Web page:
Figure 1 - Flooring materials
The Romans and Greeks, used fired clay tiles on the ground going farther back than 1,000 BC. The advent of fired flooring material allowed the floors to be properly cleaned for the first time in history. The Egyptians used natural stone, such as granite as a flooring material, and slate was used in other parts of Europe to cover the earth. In Persia, they wove animal hair into wool to create rugs and in other parts of the world, complete animal skins were used to provide flooring comfort.
A lot has changed since cavemen used straw as a flooring material.
Additional information on flooring materials, styles and installation.
Today we have a vast assortment of materials available for making and covering our floors to provide us with comfort and aesthetic warmth:
- Wooden planks and boards (more than 50 varieties)
- Bamboo (which is a grass)
- Ceramic Tile
- Porcelain Tile
- Clay - tiles and bricks
- Laminate flooring (a manmade manufactured product)
- Natural Stone – in slabs and tiles
- Glass (produced in blocks)
- Vinyl – in sheets and tiles
- Carpet – in square yards or as tiles.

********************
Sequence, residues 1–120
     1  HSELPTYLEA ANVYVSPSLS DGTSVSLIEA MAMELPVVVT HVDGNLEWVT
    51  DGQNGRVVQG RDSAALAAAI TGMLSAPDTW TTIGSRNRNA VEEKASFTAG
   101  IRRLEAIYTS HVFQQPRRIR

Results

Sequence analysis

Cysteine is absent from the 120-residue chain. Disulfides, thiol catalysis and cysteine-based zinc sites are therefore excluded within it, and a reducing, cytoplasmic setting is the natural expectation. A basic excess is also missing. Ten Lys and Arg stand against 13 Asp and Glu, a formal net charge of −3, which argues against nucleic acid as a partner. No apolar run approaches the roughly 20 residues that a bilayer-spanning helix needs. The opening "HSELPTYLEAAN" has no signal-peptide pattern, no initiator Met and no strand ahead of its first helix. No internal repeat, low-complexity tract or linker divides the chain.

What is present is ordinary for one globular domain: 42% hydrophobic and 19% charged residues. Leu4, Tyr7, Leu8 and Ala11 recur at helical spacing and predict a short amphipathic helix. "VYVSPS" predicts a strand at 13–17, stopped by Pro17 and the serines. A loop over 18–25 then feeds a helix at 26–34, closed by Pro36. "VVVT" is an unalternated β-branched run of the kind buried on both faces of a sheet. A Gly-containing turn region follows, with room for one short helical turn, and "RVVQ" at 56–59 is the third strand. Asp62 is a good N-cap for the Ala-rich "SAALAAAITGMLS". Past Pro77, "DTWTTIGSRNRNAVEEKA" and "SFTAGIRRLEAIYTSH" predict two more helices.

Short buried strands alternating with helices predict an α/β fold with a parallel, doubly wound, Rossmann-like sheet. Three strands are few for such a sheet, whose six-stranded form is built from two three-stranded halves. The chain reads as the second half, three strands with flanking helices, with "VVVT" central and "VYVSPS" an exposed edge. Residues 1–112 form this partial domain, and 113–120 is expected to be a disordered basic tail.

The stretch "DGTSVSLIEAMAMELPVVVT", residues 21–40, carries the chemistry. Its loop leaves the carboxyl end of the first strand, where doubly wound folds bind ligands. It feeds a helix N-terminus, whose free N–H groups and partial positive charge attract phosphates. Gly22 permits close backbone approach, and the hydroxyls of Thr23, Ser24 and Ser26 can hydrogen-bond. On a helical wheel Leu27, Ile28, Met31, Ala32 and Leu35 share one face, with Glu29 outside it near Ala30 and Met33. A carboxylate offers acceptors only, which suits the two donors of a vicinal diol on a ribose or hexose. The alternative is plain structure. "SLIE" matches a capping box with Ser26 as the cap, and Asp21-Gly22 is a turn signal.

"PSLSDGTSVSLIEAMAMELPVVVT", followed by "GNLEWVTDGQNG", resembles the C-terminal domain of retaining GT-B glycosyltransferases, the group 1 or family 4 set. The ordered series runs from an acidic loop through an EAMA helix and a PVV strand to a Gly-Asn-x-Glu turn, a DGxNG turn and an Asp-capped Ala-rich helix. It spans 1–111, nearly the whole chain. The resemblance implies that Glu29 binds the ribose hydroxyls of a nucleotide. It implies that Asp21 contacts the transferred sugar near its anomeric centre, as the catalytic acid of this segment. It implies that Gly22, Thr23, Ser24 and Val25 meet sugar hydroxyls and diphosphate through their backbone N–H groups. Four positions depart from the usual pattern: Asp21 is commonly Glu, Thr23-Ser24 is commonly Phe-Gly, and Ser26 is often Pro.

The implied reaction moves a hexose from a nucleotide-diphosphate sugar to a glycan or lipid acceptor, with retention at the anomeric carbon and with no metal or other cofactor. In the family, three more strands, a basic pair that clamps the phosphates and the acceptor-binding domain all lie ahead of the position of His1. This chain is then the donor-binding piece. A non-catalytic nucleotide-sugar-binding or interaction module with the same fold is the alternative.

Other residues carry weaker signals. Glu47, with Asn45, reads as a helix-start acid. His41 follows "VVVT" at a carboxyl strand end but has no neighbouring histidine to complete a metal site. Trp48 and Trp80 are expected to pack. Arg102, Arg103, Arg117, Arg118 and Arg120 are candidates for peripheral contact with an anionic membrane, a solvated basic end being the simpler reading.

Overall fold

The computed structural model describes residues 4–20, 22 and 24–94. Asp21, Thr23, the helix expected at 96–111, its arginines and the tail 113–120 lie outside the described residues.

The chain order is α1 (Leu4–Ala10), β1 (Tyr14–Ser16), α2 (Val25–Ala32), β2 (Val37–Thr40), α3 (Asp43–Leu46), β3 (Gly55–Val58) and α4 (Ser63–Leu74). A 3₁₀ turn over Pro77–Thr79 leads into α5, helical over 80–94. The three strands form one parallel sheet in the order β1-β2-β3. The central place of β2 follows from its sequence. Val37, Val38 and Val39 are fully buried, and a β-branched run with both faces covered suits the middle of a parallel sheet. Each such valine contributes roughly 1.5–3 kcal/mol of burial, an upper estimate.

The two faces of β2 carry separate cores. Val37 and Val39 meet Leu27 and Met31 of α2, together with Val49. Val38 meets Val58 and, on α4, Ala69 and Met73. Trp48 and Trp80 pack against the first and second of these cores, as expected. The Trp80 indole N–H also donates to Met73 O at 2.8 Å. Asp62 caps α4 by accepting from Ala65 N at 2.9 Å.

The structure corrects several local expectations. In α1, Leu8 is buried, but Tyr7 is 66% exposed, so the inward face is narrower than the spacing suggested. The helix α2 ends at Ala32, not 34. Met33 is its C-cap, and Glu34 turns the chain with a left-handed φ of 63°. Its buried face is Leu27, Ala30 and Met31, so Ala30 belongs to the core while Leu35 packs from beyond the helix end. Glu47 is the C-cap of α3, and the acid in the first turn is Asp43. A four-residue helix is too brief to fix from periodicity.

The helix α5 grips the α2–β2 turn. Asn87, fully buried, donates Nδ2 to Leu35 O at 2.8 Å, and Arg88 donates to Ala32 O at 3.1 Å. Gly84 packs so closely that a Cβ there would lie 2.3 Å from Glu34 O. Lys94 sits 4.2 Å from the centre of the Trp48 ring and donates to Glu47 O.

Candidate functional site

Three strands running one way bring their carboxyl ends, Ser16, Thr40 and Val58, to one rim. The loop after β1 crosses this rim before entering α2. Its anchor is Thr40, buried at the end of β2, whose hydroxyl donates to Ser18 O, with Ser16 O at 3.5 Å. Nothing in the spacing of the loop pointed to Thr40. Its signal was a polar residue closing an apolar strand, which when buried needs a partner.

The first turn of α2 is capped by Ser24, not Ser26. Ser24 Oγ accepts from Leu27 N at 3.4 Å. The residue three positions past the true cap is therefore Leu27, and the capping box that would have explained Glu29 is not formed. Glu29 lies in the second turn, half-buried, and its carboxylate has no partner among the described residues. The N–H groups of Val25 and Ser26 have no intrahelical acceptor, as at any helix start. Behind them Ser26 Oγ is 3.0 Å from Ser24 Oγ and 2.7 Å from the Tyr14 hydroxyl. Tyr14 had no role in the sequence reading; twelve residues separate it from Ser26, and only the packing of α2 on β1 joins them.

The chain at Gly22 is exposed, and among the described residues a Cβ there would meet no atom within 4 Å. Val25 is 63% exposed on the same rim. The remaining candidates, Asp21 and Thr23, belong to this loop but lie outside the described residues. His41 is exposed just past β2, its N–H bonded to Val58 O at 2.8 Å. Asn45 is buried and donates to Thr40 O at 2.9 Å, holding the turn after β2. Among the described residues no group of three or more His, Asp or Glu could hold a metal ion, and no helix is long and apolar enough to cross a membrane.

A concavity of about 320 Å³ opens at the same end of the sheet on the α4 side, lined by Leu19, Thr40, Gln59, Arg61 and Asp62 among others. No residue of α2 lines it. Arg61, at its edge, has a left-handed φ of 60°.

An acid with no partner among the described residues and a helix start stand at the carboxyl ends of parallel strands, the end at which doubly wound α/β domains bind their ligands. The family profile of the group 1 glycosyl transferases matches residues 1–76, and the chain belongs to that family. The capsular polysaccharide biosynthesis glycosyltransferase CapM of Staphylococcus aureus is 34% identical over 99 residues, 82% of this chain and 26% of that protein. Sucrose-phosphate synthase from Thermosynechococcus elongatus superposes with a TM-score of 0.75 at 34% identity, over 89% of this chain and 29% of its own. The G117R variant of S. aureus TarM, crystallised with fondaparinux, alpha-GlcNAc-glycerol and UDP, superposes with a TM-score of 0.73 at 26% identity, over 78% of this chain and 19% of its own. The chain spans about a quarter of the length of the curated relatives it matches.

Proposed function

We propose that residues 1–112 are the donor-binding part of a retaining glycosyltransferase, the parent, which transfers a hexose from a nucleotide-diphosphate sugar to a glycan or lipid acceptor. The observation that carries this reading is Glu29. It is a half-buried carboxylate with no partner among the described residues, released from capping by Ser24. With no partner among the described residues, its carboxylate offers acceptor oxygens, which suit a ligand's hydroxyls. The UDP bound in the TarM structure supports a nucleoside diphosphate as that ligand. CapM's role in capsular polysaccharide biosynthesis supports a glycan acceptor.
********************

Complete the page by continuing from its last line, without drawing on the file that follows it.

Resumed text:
- Rugs & Mats – in natural and manmade fiber
- Concrete - stained and painted
And, each of the above coverings comes in a vast assortment of textures, colors, patterns, shapes, thicknesses, and sizes.
However, it is not only the aesthetic value that must be considered when purchasing flooring as each material has advantages and disadvantages pertaining to wear, installation, maintenance, cleaning, longevity, thermal properties, moisture properties, and price.
In many cases, it is advantageous to use combinations of flooring, such as placing area rugs over wood, ceramic, porcelain, or naturals stone floors. The combination can create a unique appearance as well as adding comfort to the room.
If you are considering changing your flooring, you should take some time to consider all the possibilities and options that you have available.